Chuck in the rest of the cocoa powder and sugar

Chuck in the rest of the cocoa powder and sugar

I was worried that the oats would be a bit too large in this mixture so introduced my hand (stick blender) to blitz the mixture to a much finer crumb. As this cake is uncooked, the oats needed a little time to soften in the mixture, you want texture to the cake, but not to make your friends feel like they have oats stuck in their throat.

Beat in the butter

Beat in the butter

It’s such a simple cake to make, having completed the baking when I made the cupcakes a few months ago. All that’s left to do is to rub in the butter and shape the mixture into a roll! I wanted to make my punschrulle for my sisters birthday and envisaged a giant punschrulle roll, rather than making individual rolls.

Beat the mixture together until it sticks in one nice lump

Beat the mixture together until it sticks in one nice chocolatey lump

I used cling film to roll the mixture up and flatten at the ends, whilst smoothing the top.

Plonk your buttery cake crumb lump onto some clingfilm and roll

Plonk your buttery cake crumb lump onto some clingfilm and roll

Sealing the ends of the cling film, the roll can then be transferred easily to the fridge to set, while you get busy colouring the marzipan and rolling it out.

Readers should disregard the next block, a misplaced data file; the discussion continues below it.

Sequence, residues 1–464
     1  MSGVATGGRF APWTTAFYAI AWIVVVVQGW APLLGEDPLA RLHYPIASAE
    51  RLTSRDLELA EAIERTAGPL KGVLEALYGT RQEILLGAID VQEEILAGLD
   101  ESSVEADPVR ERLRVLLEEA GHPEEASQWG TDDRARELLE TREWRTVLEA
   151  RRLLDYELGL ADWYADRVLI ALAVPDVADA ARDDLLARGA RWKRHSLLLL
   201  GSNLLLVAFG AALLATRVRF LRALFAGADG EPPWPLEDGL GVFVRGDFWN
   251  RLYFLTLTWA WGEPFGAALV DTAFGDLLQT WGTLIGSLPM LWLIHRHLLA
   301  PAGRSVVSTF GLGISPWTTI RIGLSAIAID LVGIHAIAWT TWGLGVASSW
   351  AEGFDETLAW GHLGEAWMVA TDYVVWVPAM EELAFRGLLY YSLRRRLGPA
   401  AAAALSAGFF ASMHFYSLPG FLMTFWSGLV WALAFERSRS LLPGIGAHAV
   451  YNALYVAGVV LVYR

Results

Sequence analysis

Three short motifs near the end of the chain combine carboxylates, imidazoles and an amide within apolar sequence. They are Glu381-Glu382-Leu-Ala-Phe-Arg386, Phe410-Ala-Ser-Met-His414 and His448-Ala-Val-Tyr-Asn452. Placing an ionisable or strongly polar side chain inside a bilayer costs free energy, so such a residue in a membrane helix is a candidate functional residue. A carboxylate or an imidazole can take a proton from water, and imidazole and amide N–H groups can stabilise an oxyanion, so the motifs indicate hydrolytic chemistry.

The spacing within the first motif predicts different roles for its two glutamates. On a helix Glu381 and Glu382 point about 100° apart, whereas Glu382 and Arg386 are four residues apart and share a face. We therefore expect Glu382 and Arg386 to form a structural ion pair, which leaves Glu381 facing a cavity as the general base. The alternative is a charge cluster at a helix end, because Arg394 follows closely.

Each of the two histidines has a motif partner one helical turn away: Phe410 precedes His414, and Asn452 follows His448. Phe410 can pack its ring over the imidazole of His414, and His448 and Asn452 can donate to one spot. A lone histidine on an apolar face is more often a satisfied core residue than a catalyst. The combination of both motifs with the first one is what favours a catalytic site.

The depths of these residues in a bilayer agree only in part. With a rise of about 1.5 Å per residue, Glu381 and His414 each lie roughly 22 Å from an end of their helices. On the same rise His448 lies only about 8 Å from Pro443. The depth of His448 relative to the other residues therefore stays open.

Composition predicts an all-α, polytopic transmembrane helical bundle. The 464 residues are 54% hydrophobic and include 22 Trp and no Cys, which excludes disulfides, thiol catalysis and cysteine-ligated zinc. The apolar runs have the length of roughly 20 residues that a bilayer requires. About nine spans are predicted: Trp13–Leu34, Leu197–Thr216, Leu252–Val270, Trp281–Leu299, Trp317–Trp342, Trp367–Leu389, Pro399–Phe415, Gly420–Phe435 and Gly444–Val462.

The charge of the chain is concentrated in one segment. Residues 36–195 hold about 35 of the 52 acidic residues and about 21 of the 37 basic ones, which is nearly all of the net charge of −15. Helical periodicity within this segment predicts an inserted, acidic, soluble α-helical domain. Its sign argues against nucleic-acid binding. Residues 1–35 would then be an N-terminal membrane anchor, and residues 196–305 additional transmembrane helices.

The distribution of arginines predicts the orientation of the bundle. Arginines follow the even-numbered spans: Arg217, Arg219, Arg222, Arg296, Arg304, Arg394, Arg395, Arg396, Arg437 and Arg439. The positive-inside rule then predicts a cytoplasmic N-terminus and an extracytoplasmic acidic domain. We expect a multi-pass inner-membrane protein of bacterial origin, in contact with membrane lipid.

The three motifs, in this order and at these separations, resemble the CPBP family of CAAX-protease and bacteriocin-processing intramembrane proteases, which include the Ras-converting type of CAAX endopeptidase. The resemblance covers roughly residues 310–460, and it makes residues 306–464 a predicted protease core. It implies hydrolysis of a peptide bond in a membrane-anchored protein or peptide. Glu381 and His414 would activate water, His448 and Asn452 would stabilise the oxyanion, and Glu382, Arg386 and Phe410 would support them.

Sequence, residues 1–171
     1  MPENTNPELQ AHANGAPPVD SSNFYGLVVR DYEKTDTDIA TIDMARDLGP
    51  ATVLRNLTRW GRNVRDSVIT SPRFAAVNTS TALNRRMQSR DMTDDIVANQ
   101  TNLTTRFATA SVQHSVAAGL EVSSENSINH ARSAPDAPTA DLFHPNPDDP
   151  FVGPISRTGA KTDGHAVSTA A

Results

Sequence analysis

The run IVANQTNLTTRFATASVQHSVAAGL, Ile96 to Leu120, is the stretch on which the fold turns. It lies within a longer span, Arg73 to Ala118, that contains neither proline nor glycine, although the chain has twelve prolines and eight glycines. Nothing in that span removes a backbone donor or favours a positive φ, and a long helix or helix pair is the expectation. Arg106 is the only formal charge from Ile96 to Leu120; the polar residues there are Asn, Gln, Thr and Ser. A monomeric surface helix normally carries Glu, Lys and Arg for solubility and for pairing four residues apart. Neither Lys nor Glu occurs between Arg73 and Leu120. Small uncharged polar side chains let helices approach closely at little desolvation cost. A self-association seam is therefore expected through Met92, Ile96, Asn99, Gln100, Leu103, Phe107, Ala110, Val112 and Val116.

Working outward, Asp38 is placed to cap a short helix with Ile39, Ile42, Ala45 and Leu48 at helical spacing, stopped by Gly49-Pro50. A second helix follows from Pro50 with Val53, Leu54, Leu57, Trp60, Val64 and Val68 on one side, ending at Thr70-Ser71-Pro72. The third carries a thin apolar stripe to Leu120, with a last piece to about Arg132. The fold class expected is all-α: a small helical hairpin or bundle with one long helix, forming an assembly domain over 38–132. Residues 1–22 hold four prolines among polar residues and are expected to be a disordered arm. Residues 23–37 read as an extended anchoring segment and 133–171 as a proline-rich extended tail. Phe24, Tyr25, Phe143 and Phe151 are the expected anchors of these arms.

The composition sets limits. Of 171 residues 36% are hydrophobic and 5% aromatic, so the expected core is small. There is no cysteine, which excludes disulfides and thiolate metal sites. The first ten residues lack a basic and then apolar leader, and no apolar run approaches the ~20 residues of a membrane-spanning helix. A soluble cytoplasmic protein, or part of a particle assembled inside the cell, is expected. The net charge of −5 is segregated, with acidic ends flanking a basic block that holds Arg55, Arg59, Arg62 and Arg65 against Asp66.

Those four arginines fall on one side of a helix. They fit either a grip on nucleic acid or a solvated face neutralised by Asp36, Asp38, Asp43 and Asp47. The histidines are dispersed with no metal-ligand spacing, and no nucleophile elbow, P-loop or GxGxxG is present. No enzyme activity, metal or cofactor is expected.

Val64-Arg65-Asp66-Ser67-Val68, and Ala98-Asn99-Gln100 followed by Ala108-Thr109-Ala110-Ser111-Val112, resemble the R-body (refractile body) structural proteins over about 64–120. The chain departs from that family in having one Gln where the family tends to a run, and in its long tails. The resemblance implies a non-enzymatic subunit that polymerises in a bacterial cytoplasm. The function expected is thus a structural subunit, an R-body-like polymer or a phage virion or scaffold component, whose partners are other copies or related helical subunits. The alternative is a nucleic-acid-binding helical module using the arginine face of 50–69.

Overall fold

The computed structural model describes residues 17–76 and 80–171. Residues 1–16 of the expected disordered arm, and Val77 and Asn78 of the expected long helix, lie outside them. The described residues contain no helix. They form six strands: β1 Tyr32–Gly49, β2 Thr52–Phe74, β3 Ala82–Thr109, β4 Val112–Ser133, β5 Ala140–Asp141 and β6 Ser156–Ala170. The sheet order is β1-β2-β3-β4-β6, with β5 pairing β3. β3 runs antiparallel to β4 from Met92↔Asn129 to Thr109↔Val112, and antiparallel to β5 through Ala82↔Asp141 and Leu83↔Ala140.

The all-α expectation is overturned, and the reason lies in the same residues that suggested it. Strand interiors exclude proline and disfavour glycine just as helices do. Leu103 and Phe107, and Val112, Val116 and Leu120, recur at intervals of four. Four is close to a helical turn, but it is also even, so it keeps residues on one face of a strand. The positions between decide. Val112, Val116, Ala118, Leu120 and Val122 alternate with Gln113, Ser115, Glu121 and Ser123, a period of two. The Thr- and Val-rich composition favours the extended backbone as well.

a cling film wrapped chocolate sausage

a cling film wrapped chocolate sausage

Traditionally Punschrulle rolls are bright green and each end is dipped in dark chocolate. I used a little green gel food colouring and kneaded it thoroughly into the marzipan. dousing the worksurface in icing sugar stops the marzipan sticking and means you can roll it out into a thin rectangle, just enough to cover the entire cake.

Turn your marzipan green and roll out

Turn your marzipan green and roll out

Making sure the marzipan was loose enough to remove it from the worksurface, (The last thing you want is to realise half way through icing you cake is that the marzipan is welded on to the worksurface.)

Chocolate Sausage ready to be wrapped in marzipan

Chocolate Sausage ready to be wrapped in marzipan

I plonked the roll face down (the smooth side which is to be the top of the cake) face down on to the marzipan and folded the marzipan over to envelope the cake fully. Strategically folding the marzipan to hide the join underneath the cake and tuck the folds along the edges underneath.

Wrap up and tuck in the edges

Wrap up and tuck in the edges

Whilst the bottom of the cake is facing upwards, I melted a bar of dark chocolate in the microwave, reserving one third of the chocolate and stirring every 30 seconds to avoid it burning. Once the chocolate is melted pour in the final third of the chocolate and stir until fully melted. This helps to reduce the temperature of the chocolate and temper it, so it retains a glossy finish and doesn’t look like a sweaty mess when you’re finished.